But the most significant part of the 18th Amendment has been the strengthening of the federal structure of state. It has transformed centre-province relations. The division of power between the state and its units has been amongst the most contentious and recurring issues in Pakistan.

The devolution of power to the federating units removed the main source of tension between the centre and the provinces. Yet another enduring impact of the 18th Amendment is the recognition of children’s right to education and the provision of free and compulsory education to all girls and boys up to the age of 16 years.

Notwithstanding the positive side of the radical changes it introduced, the 18th Amendment left untouched some of Gen Zia’s regressive insertions that have caused the rise of religious extremism. Besides, it did not do away with the clause that bans non-Muslims from holding the office of president, therefore strengthening the sense of exclusion among minority members of society.

Surely, 50 years of our constitutional history calls for celebrations but what is most important is to make the document actually work. Unfortunately, that has not happened.  The country is still struggling to find a way forward. A reckless power struggle has left the democratic process much weaker than before, raising fears of yet another derailment of the Constitution.

Sakib Sherani

THE ongoing episode of distress in parts of the US banking industry, caused by the rapid rise in interest rates, has renewed focus on ‘zombie’ banks — barely surviving, financially undead institutions that have large unrealised losses sitting on their thinly capitalised balance sheets. The term has previously been used for firms that are financially unviable but have been kept alive by repeated government bailouts, akin to our state-owned enterprises.

Much like zombie banks and firms, can there be ‘zombie’ countries? Countries where state breakdown is advanced, where the economy has collapsed, which cannot service their debts and obligations to foreigners, and which can only meet their essential import needs by handouts and bailouts from increasingly frustrated, and a dwindling pool of, friendly countries?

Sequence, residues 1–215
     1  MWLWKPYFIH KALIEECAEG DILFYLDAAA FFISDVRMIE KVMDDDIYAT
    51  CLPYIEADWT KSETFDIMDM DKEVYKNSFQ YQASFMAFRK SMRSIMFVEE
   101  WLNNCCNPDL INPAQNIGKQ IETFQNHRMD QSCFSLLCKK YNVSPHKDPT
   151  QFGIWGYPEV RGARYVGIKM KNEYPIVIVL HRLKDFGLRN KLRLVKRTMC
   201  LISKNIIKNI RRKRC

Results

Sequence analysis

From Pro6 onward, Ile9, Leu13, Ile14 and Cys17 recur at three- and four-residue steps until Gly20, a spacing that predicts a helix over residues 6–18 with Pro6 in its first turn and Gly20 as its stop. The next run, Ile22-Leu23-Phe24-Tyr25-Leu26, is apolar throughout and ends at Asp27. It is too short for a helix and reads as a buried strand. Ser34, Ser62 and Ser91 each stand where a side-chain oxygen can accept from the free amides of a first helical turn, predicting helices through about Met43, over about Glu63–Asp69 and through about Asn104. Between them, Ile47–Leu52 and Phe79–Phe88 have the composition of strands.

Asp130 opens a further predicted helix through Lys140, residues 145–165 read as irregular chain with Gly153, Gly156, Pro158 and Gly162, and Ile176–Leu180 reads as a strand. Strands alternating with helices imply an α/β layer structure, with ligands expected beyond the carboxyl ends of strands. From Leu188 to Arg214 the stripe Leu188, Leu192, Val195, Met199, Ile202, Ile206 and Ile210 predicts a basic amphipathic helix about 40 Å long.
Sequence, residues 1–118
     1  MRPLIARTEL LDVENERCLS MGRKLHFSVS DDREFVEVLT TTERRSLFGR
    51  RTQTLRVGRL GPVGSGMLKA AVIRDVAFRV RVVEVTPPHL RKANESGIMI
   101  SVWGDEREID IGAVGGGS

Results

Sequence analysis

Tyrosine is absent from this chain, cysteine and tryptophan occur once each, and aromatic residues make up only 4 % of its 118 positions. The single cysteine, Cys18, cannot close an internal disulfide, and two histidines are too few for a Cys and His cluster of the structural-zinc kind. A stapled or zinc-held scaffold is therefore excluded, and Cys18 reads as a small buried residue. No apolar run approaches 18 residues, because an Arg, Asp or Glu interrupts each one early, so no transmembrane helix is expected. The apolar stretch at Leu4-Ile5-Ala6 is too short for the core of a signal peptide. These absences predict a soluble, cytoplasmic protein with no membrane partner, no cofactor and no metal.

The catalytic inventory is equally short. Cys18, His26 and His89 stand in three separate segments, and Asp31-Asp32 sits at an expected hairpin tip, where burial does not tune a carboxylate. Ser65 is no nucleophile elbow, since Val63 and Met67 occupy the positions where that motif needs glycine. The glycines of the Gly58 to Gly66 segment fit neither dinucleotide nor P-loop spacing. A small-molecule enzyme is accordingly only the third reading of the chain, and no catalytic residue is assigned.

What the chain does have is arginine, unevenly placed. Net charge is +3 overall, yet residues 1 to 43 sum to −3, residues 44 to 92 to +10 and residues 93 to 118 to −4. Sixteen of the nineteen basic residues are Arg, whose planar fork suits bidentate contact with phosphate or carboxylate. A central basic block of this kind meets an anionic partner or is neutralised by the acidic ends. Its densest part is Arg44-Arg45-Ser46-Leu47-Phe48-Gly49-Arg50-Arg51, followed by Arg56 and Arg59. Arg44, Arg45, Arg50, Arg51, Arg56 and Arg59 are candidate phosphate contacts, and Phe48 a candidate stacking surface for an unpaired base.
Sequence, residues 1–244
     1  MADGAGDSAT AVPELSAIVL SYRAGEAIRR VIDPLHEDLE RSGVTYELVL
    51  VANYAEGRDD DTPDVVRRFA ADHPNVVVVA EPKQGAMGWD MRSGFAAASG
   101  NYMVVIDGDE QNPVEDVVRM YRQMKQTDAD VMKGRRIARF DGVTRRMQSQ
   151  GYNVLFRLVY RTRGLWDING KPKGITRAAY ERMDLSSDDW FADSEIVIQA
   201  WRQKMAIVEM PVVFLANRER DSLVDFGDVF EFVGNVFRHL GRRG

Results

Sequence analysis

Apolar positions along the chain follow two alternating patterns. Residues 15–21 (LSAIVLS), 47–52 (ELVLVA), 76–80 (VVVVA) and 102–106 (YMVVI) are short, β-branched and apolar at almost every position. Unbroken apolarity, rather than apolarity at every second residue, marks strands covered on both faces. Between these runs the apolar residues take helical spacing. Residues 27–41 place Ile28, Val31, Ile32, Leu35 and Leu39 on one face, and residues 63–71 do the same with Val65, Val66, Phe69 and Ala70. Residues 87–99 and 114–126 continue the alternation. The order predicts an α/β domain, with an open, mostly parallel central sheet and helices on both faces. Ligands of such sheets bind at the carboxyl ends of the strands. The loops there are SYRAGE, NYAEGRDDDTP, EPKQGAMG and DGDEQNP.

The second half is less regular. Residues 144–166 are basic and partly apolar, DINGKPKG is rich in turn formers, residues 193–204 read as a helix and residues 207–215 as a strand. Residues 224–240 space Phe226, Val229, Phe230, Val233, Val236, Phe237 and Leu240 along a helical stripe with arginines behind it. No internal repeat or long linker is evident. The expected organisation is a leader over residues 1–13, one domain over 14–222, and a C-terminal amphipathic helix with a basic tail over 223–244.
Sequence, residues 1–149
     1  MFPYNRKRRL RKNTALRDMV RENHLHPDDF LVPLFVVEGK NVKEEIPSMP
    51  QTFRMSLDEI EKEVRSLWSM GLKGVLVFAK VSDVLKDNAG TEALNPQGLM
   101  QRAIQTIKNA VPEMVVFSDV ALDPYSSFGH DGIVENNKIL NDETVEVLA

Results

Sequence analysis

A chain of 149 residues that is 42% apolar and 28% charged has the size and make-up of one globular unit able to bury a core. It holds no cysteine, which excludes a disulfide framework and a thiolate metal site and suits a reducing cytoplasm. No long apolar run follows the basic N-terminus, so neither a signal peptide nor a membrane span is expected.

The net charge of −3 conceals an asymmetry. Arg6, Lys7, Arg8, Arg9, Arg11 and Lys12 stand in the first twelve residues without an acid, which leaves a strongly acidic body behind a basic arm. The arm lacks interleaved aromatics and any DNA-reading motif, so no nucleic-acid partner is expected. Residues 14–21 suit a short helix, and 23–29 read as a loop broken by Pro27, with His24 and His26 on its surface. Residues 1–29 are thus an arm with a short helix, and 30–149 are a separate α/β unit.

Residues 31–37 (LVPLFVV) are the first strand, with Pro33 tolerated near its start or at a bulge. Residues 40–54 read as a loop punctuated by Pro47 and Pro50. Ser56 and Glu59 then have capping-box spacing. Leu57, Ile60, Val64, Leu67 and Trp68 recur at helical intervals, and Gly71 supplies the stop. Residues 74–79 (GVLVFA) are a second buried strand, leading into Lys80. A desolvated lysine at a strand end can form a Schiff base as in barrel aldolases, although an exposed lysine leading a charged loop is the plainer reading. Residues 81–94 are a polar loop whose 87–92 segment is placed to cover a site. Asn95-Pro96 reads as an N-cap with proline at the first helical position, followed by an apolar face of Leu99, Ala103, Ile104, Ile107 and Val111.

Which are nominally sovereign and independent, but only on paper? Where a large swathe of the population has tired of the shenanigans of a corrupt, self-serving elite and are seeking a permanent exit from the country? Where businesses and the affluent are actively moving their capital abroad? In other words, a country ‘hollowed out’ in almost every sense by an asset-stripping, rapacious elite involved in internecine conflict?

If Pakistan comes to mind, let us first consider another country with somewhat similar endowments of natural resources and intelligent, hardworking people that has already crossed the line to failed state status: Lebanon.

Lebanon has endured decades of infighting among corrupt factionalised elites, warring power centres, and competition for influence among international and regional power brokers. The result has been a fractured polity, a hollowed-out economy, de-industrialisation, capital flight and brain drain, endemic shortages, widespread poverty, societal breakdown and social chaos. Not to mention a full-blown bloody civil war.

Pakistan is closer than ever to becoming a ‘zombie’ state. Unfortunately, Pakistan too finds itself on the edge of a similar dystopian condition. While the country has been a weak, ‘at-risk’ state for a long time, its cognitively-inert elites have been too busy in infighting, or looting, to notice.
Widening internal fissures aside, the red flags have been raised even from the outside for a very long time, either in Pakistan’s abysmal ranking in the Worldwide Governance Indicators, or its uncomfortable position in the Fragile States Index straddling the ‘warning’ and ‘alert’ categories.